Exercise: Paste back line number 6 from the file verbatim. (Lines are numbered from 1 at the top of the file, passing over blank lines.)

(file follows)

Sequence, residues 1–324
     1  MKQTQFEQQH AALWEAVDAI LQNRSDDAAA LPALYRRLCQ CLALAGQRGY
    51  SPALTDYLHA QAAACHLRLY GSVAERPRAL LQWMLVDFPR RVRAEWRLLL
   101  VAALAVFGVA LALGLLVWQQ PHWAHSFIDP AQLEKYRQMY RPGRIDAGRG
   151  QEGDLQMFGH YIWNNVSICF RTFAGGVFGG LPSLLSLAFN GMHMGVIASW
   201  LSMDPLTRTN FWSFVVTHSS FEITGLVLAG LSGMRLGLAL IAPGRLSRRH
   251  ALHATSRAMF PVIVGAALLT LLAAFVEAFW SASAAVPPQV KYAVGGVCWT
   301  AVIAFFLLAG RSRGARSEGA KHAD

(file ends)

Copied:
   201  LSMDPLTRTN FWSFVVTHSS FEITGLVLAG LSGMRLGLAL IAPGRLSRRH